|House and grounds from south this morning (Aug. 10). Smoke is worse each day.|
Mike left early Wednesday morning (Aug. 9) to motocache along the Lochsa, so the dogs and I had a quiet day. Our morning walk was “out west” – behind the house to the canyon rim. As the morning was slow to warm up, I baked cookies. About 10:45, I closed the house, picked up my picker’s pail, and invited Bess to join me in picking hawthorn berries at the draw. Initially she seemed interested, but uncertainty set in and she decided not to chance it. (She is Butchie’s granddaughter, remember.)
|Haws -- August 2|
So, down the lane I went to pick berries by myself. I found some lovely reachable branches loaded with berries. Apparently the “haws” are a favorite of the birds because they are disappearing rapidly. As I picked, a little bird sat on a branch within the tree and scolded me.
|Neighbor's place before harvest|
I picked about an hour and came back with plenty – about three quarts. Subsequently I poured them into a stockpot, covered them with plenty of water, and simmered them for 20 minutes. The haws are pithy, seedy, and bland, but the homesteader in me just can’t pass up available berries. The first cooking didn’t yield much juice, so I added more water to the berry pulp and cooked again, then strained the juice through cheesecloth. I now have a quart of “hawberry” juice.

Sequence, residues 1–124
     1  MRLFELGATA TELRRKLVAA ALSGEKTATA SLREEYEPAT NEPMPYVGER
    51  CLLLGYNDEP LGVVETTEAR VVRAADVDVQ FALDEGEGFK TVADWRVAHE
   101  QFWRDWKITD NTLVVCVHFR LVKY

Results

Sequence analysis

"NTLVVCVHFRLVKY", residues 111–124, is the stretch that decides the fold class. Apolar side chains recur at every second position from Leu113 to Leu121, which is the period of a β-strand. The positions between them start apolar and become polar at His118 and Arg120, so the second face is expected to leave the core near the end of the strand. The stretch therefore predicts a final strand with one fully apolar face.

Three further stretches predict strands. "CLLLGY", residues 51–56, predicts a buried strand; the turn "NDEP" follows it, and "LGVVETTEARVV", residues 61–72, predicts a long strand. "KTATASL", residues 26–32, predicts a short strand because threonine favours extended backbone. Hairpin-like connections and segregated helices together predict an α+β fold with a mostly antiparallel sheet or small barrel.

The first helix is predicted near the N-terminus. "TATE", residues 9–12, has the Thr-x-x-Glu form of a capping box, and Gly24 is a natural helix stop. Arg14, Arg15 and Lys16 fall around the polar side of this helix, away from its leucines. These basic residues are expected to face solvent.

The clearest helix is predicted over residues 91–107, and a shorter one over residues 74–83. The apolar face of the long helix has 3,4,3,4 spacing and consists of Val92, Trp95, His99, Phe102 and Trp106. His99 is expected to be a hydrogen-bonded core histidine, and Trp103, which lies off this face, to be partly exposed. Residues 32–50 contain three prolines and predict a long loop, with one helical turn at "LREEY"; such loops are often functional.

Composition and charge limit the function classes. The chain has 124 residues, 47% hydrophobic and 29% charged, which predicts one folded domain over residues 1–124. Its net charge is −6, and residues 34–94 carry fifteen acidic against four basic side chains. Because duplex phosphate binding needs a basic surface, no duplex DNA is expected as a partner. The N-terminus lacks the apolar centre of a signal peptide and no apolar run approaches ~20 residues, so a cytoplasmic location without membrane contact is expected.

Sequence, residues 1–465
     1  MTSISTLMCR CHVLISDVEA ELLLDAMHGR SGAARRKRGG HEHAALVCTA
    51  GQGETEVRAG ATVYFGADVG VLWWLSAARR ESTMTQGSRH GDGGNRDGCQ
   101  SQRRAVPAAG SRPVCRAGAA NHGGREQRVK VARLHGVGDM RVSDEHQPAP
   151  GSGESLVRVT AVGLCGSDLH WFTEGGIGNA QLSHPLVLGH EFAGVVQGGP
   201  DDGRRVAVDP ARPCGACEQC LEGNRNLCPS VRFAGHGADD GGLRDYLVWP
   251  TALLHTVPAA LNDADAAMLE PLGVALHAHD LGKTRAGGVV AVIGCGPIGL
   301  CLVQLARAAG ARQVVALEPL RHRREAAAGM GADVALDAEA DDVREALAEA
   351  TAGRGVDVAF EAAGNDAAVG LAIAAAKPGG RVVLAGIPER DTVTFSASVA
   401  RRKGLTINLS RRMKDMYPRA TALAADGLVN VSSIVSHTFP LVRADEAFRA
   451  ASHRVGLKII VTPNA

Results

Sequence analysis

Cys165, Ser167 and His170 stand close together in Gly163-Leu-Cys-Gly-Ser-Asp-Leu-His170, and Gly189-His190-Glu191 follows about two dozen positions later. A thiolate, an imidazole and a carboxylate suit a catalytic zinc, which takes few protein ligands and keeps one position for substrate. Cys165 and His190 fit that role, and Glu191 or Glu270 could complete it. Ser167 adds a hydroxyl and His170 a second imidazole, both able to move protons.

Having finished my work, I settled down to quiet activity in the afternoon. While Nellie snoozed on her pillow, I crocheted. Bess was outside.
|Taken from the kitchen porch|
“Bark. Bark, bark, bark, bark, bark.” Bess’ tone was urgent, but I figured someone was coming in. Tossing my crocheting aside, I ran to the door, and the moment I opened the door, I heard the telltale rattling buzz of a rattlesnake. I called Bess, and she obediently came immediately. Then the three of us – Bess, Nellie, and I – stood in the dining room and watched the snake through the window. Mike doesn’t like to kill the rattlers, but when he isn’t here to carry them away, I have to protect the dogs. Long story short, that’s what happened.
|Bess in June's field, looking north|
Well, you might think that was the end of the story. Certainly it was enough excitement for one day. Mike came home, and Bess tried to tell him all about it. I filled in the gaps where language failed her.
|Grain harvest concludes on neighboring farm to the north|
Then, in the evening – about 8:30 – Bess warned again, this time from the other side of the house where the raised beds are. I heard the rattle from the open living room window. Mike called Bess into the house and grabbed a light. Cautiously the three of us followed the sound, which I located as coming from under the tire with the strawberries. We could do nothing about that, so we left it alone.
My dad believed that rattlesnakes came in pairs. He would search for the second one and sometimes find it. KW